I need to set the serial port /dev/ttyS0 to 250k bit/sec in order to send commands to another device expecting 250k. I am using Python and trying to set the speed with the command

ser=serial.Serial( port='/dev/ttyS0', baudrate=250000, parity ....and so on

This generates an error because the port speed is a non standard unix speed the nearest being 230400 ....which is not close enough.

Note this is not USB. The Rasberry Pi B has the ability to go to this speeds and I have confirmed to myself that it gets to the higher speed ranges with and oscilloscope.

Looks like I need to recompile the kernel. I can do that, but can someone help with which code needs to be modified to get a new non standard uart speed.


3 Answers 3


The clock speed of the serial port is 3000000Hz (3MHz).

We can UNDERclock this (as low as 1MHz), but we cannot OVERclock it (with any confidence).

So we will pick the Baud Rate one-above the speed you want and slow it down...

The next speed up from 250000 is 460800

Now a bit of maths:

(NormalClockSpeed / NormalBaud) * DesiredBaud => NewClockSpeed
...where NormalBaud > DesiredBaud

(3000000 / 460800) * 250000 = 1627604  

Quick maths sanity-check: 250,000 is a bit more than half of 460,800 ...and 1,627,604 is a bit more than half of 3,000,000 ...yep that looks right :)

So if we reduce the serial clock speed to 1627604 and then specify a serial port speed of 460800, the upshot will be a serial port that runs at 250000.

You can even do the maths backwards to double check things:

(NewClockSpeed * NormalBaud) / NormalClockSpeed => ResultantBaud
(1627604 * 460800) / 3000000 = 249,999.97

249,999.97 is uncommonly accurate, you can get away with a lot more deviation than that! [citation required]

So we edit /boot/config.txt; Set the serial clock speed to 1627604; And the Baud Rate to 460800


Bingo. /dev/ttyS0 is running at 250KBaud


Works for me:

On a Pi3 running Raspbian Jessie (it's still on the 4.1 kernel because Adafruit has not bothered to upgrade their PiTFT+ drivers to 4.4).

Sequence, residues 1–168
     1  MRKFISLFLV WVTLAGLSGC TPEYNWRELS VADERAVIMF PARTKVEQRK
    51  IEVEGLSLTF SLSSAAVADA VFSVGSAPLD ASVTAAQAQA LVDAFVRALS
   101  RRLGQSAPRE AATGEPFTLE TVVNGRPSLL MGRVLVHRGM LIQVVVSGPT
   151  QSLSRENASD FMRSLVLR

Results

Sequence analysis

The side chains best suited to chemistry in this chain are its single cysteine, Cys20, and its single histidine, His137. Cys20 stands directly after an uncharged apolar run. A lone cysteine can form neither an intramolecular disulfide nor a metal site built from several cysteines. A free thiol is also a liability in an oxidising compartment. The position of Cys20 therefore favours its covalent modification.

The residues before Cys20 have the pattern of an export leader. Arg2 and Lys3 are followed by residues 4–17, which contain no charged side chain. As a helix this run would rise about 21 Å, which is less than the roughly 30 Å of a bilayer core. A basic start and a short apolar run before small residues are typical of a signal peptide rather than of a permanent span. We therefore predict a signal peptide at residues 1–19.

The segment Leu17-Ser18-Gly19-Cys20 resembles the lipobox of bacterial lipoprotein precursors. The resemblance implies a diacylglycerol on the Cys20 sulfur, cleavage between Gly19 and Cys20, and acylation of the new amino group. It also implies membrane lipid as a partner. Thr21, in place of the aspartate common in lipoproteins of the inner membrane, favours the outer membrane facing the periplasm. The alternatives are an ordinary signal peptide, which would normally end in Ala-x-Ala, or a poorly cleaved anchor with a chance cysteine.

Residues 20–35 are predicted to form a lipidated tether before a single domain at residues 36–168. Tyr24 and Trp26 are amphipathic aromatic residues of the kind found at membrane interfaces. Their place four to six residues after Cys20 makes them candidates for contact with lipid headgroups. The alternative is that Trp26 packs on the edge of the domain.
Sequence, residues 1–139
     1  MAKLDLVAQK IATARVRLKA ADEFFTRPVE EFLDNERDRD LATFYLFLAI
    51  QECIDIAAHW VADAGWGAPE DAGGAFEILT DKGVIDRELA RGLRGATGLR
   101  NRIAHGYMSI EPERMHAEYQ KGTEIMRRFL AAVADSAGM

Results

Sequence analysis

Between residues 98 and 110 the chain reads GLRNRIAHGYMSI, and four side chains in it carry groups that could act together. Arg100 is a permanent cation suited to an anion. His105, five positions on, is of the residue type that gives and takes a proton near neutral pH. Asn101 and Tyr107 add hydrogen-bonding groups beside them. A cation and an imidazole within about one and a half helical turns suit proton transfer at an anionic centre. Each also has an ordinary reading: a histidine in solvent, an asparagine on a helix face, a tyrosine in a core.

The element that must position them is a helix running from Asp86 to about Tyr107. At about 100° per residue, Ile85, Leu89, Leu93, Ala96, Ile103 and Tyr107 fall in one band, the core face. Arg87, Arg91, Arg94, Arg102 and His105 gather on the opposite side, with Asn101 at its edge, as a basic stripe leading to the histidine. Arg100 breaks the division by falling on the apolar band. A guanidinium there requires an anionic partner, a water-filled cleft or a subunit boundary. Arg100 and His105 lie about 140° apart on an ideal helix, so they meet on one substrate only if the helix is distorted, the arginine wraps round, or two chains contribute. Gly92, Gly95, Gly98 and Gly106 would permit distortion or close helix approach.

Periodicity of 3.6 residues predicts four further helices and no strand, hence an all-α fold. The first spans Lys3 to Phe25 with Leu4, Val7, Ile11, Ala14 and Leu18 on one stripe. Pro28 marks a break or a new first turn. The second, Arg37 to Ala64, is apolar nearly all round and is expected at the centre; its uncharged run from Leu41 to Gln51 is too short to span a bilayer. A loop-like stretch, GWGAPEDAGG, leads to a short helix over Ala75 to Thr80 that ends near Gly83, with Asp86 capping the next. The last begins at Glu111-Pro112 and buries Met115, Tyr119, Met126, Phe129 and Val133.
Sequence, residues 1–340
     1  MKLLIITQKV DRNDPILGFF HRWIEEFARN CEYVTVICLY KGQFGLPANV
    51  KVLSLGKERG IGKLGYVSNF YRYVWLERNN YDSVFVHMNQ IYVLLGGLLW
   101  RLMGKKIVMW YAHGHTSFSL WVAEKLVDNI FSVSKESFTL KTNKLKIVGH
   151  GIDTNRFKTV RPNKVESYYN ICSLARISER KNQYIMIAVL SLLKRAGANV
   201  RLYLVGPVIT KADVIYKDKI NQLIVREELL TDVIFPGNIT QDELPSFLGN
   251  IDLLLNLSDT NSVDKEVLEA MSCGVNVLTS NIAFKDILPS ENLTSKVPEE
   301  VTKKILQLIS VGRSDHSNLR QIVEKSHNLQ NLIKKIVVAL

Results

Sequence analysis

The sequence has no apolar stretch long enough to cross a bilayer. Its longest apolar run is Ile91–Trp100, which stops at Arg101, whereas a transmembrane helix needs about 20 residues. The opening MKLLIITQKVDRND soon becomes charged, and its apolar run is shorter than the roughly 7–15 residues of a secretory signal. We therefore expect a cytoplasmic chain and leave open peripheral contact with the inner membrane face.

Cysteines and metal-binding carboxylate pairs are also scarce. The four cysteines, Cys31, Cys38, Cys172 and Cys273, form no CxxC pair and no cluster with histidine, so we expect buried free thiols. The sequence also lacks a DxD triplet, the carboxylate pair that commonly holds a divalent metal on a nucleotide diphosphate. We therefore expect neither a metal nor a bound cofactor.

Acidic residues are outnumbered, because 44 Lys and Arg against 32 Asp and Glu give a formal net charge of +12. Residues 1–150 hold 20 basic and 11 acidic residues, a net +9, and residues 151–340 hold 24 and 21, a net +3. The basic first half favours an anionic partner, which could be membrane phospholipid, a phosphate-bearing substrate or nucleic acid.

pi@rp3:~ $ uname -r

pi@rp3:~ $ python
Python 2.7.9 (default, Mar  8 2015, 00:52:26)
[GCC 4.9.2] on linux2
Type "help", "copyright", "credits" or "license" for more information.
>>> from serial import Serial
>>> Serial(port='/dev/ttyS0', baudrate=250000)
Serial<id=0x76aba8d0, open=True>(port='/dev/ttyS0', baudrate=250000, bytesize=8, parity='N', stopbits=1, timeout=None, xonxoff=False, rtscts=False, dsrdtr=False)

It also works on an RPi2 with a 4.4 kernel.

What error are you getting?

  • Odd? I have a second PI here at work and tried the command again and it worked. Maybe different kernels? Nevertheless it still doesn't work. normally if you do the Serial(port=/dev/ttyS0,baudrate=9600, the baud rate appears using command line stty -a -F /dev/ttyS0 If I check serial output with an oscilloscope the signal is flat but is good using a standard baud rate
    – Keir
    May 17, 2016 at 22:27

Linux kernel drivers should be organized by type in the kernel source. Look for the driver that your pi uses, and then inspect the code.

Long ago, I had a quad-port serial card, and supporting it just required adjusting the IRQ value in a driver for a very similar card.

Looking through linux/drivers/tty, I see tty_ioctl.c which has a table of baud rates near line 269. I haven't tried modifying baud_table, but this is where I would start.

 * Routine which returns the baud rate of the tty
 * Note that the baud_table needs to be kept in sync with the
 * include/asm/termbits.h file.
static const speed_t baud_table[] = {
        0, 50, 75, 110, 134, 150, 200, 300, 600, 1200, 1800, 2400, 4800,
        9600, 19200, 38400, 57600, 115200, 230400, 460800,
#ifdef __sparc__
        76800, 153600, 307200, 614400, 921600
        500000, 576000, 921600, 1000000, 1152000, 1500000, 2000000,
        2500000, 3000000, 3500000, 4000000
  • I downloaded the Rasbery source. In linux/drivers/tty there are C files starting with tty_ and a directory called serial with many files that may be relevant. i was hoping to get a run down on what I might need to change
    – Keir
    May 17, 2016 at 22:37
  • 1
    The code you cite doesn't mean much. For a full scoop on how to set baudrates on linux, see this q/a. Jul 20, 2016 at 14:30
  • @KubaOber - please move your comment into a standalone answer so that others can more easily find and upvote it. Jul 20, 2016 at 19:48

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